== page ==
To visualize the bladder, the transducer-probe should be placed over the pubic symphysis and directed inferiorly into the pelvis. A full bladder provides a better acoustic window.

Causes of false positives are as follows [16] :

  • Dilated renal vasculature
  • Renal sinus cysts
  • Bladder distention
  • In young patients, medullary pyramids

Causes of false negatives are as follows [16] :

  • Dehydration
  • Stones smaller than 3 mm
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Pearls

Important considerations include the following:

  • Scan both kidneys. This allows for more accurate assessment of hydronephrosis and avoids the pitfall of misdiagnosing prominent renal pyramids as hydronephrosis. [17]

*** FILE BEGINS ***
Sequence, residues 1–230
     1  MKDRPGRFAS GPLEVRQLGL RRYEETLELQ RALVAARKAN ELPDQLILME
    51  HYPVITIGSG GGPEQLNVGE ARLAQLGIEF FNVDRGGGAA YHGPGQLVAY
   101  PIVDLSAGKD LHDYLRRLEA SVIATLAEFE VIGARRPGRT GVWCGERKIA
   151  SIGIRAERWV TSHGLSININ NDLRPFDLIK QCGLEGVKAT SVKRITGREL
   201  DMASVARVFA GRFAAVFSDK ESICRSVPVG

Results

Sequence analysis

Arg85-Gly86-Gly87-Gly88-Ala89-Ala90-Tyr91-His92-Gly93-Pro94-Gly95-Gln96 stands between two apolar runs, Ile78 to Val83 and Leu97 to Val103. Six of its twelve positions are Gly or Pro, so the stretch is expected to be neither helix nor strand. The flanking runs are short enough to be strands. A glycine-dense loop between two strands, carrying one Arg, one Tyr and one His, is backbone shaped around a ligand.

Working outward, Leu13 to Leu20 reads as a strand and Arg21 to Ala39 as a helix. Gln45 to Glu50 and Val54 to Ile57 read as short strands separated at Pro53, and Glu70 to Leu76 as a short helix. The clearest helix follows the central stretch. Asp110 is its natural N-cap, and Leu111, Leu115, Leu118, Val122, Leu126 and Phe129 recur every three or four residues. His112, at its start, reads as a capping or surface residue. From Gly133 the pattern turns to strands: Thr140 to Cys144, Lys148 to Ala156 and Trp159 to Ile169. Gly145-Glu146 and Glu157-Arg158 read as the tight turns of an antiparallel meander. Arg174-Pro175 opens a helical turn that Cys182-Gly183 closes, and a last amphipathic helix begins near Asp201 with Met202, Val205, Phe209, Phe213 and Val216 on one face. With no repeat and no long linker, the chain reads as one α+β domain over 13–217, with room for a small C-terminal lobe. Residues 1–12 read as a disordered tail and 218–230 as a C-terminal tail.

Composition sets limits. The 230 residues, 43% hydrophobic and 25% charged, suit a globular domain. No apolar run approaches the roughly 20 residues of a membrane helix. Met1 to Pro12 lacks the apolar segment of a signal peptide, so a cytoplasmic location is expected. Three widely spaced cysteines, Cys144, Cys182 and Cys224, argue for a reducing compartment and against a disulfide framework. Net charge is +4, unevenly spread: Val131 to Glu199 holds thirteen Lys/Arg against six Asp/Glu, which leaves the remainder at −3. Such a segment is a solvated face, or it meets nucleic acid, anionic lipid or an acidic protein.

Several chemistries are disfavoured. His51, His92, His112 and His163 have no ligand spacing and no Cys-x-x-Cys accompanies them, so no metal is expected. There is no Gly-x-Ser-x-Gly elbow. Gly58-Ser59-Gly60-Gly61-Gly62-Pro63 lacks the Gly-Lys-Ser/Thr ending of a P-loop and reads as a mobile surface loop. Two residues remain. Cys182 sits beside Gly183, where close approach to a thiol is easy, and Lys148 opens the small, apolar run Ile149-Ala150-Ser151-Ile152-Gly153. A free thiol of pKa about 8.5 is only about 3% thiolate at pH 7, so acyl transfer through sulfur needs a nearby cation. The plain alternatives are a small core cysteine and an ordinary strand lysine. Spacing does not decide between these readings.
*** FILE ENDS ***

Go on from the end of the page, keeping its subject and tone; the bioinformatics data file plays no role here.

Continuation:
• Cysts can be mistaken for hydronephrosis. However, cysts tend to be peripheral and hydronephrosis should always be central.
  • If the kidneys are difficult to visualize, reposition the patient in the posterior oblique or lateral decubitus position.
  • The presence of hydronephrosis does not rule out other pathology, such as an abdominal aortic aneurysm.
  • The absence of hydronephrosis does not rule out urolithiasis.
  • Consider nonstone causes of hydronephrosis, such as urinary retention, pregnancy, and neoplasm.
  • Patients in whom cysts or masses are identified should be referred to a radiologist for further evaluation.
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Complications

Typically, no complications are associated with this procedure.